Among the non-Shiite critical trends, the first includes Saudi liberals, such as the writer and political analyst Turki Al Hamad, who had for decades continuously denounced the social manifestations of Wahhabism the religious police or the ban on womens driving. In the post-9/11 climate, they have considerably sharpened their criticism and named their Wahhabi enemy. Second, a group of young and daring intellectuals Mansur Al Nuqaidan and Mishari Al Zayidi being the two best known have taken advantage of the Islamic credentials inherited from their radical Islamist past in order to develop an Islamic critique of Wahhabism. Through a series of articles, they have denounced the excesses of the Wahhabi doctrine, notably drawing an explicit link between it and the jihadi violence experienced by the country since May 2003. Third, some Islamic thinkers have, since the mid-1990s, formulated a salafi critique of Wahhabism. Hasan Al Maliki, the most prominent among these, castigates the doctrinal rigidity of Wahhabism and its tendency to imitate Ibn Abd al-Wahhab and Ibn Taymiyya rather than to innovate as, he believes, genuine salafism commands. Abdallah Al Hamid shares Al Malikis belief that Wahhabism has only become a caricature of true salafism and calls for a return to the latter, a condition which he makes as the theoretical basis for his pro-democracy political activism. Lastly, a fourth kind of critique has arisen, which could be called a Wahhabi critique of Wahhabism. One of its champions is Islamist lawyer and political activist Abd al-Aziz Al Qasim, who insists on the internal plurality of the original Wahhabi tradition as it has developed over the past 250 years, and believes that he can revive some of its most tolerant aspects, therefore proposing a revision of Wahhabism from within the tradition itself.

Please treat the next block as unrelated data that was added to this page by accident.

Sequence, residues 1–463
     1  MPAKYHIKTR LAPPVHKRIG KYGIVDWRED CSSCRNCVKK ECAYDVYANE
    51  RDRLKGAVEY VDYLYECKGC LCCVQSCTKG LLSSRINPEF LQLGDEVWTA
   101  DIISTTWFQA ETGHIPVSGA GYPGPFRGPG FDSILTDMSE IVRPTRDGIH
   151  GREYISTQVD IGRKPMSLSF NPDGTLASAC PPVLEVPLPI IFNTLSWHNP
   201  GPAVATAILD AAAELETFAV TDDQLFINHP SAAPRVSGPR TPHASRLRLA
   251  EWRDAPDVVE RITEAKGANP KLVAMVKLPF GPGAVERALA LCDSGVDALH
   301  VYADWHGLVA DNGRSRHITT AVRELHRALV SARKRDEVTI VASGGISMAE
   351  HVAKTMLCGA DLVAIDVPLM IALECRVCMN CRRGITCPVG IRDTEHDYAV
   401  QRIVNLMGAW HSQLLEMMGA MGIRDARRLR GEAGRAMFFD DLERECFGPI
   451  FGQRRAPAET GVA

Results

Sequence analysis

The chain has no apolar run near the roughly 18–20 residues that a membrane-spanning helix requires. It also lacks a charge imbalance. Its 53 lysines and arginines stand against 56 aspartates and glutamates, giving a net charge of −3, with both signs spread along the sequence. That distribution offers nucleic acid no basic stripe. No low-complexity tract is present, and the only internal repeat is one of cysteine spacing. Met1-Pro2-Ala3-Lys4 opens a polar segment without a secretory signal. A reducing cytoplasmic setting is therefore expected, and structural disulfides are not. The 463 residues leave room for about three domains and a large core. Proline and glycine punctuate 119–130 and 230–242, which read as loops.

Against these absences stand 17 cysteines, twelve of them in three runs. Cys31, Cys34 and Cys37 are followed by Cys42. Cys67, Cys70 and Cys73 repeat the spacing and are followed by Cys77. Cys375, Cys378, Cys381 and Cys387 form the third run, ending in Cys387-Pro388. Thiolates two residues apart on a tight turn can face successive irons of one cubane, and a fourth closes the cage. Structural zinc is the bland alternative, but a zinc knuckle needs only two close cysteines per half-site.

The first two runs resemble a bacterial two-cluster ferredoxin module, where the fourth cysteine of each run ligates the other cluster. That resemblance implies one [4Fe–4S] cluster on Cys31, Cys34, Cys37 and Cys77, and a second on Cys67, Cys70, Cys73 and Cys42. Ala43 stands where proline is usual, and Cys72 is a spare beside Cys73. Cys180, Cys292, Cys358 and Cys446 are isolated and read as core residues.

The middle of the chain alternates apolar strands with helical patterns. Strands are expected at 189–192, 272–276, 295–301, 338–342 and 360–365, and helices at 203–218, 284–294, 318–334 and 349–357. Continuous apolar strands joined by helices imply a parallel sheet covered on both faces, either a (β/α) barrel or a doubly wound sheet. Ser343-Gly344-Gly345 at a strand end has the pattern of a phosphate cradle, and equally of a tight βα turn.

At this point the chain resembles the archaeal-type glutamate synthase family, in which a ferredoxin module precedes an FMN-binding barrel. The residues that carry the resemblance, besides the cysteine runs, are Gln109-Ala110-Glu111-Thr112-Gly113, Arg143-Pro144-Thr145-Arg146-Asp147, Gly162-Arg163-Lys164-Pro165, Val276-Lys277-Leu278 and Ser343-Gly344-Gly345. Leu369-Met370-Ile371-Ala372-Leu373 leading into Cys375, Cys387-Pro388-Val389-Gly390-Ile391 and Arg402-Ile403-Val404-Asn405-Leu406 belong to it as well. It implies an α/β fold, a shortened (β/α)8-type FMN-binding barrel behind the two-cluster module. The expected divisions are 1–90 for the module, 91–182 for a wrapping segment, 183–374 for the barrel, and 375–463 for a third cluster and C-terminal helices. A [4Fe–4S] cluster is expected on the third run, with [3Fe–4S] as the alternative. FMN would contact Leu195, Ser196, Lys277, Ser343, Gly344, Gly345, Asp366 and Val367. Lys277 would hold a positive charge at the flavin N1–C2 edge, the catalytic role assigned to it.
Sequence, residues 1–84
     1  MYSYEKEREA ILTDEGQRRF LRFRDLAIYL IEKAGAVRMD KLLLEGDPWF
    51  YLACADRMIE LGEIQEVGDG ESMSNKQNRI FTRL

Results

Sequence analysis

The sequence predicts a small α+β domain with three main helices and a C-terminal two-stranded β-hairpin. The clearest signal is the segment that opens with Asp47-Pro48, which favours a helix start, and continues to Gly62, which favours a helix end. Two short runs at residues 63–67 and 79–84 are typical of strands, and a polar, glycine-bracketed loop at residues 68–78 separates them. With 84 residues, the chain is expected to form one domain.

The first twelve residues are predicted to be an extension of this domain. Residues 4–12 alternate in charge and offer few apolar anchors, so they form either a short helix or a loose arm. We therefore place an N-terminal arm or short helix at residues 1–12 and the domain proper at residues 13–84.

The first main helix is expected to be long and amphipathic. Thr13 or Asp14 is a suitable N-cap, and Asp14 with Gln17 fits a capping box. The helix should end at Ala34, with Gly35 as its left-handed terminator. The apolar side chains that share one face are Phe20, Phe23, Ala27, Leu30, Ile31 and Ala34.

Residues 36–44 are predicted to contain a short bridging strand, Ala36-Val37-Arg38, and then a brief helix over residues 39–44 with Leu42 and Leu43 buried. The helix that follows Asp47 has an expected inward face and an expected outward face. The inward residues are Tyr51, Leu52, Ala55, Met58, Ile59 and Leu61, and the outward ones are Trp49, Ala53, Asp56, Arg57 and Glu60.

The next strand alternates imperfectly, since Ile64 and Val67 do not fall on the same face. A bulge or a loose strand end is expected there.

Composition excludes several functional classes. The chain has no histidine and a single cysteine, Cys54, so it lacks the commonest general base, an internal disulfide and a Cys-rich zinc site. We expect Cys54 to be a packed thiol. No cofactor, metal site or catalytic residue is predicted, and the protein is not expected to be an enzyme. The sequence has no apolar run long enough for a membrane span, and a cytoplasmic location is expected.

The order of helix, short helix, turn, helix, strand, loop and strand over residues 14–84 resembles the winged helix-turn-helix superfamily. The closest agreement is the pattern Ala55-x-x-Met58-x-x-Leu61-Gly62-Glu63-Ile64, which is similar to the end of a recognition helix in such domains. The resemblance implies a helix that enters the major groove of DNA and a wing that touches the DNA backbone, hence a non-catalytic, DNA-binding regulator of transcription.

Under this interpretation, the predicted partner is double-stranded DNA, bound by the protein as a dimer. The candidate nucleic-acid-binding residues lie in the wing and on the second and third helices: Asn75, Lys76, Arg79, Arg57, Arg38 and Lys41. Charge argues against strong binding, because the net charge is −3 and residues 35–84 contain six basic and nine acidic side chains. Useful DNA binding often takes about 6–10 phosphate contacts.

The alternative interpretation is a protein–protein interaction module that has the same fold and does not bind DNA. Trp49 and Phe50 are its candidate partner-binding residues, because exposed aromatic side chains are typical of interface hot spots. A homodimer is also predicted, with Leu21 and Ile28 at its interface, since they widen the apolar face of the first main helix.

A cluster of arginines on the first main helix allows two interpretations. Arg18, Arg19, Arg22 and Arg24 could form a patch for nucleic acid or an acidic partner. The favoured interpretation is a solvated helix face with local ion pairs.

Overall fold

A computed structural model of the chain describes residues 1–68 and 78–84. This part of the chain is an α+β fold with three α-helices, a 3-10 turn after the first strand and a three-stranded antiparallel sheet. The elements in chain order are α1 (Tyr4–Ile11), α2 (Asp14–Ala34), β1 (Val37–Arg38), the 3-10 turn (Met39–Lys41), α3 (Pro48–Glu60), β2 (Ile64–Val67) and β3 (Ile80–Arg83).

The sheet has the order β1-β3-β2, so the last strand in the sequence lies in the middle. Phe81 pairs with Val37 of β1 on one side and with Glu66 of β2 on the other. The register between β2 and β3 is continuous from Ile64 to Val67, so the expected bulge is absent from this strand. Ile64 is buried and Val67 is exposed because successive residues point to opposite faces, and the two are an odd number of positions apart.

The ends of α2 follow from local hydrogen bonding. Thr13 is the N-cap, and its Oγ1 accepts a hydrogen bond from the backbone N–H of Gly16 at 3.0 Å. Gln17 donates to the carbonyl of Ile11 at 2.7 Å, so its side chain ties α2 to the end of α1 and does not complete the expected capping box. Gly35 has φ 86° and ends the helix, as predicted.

What is even more unprecedented is that the Saudi government has partly subscribed to these critical trends and has taken a number of preliminary steps towards if not yet political social and religious reform. The organization in June 2003 of the first national dialogue conference, with thirty ulama belonging to all the confessional groups present on the kingdoms territory Wahhabi and non-Wahhabi Sunnis, Sufis, Ismaili and Twelver Shiites , was an obvious move in that direction. This conference led to the adoption of a charter containing a set of recommendations, some of which can be considered a severe blow to the Wahhabi doctrine. First, the charter acknowledges the intellectual and confessional diversity of the Saudi nation, which is contrary to traditional Wahhabi exclusivism. Second, it criticizes one of Wahhabisms juridical pillars, the principle of sadd aldharai (the blocking of the means), which requires that actions that could lead to committing sins must themselves be prohibited. It is notably in pursuing this principle that women are denied the right to drive in Saudi Arabia. Furthermore, none of the figures of the official Wahhabi establishment were invited to attend the conference, which obviously denotes a willingness to marginalize them. In addition, the fact that the government-controlled press has recently opened its columns to the islamo-liberals' religious criticism clearly reflects a degree of official support for it. It is also worth noting that there have been some improvements on two crucial socio-religious issues: the status of women, whose economic role has officially been acknowledged and who have been given a voice in the national dialogue, and that of the Shiites, who have recently witnessed a relative loosening of the restrictions on their religious practice.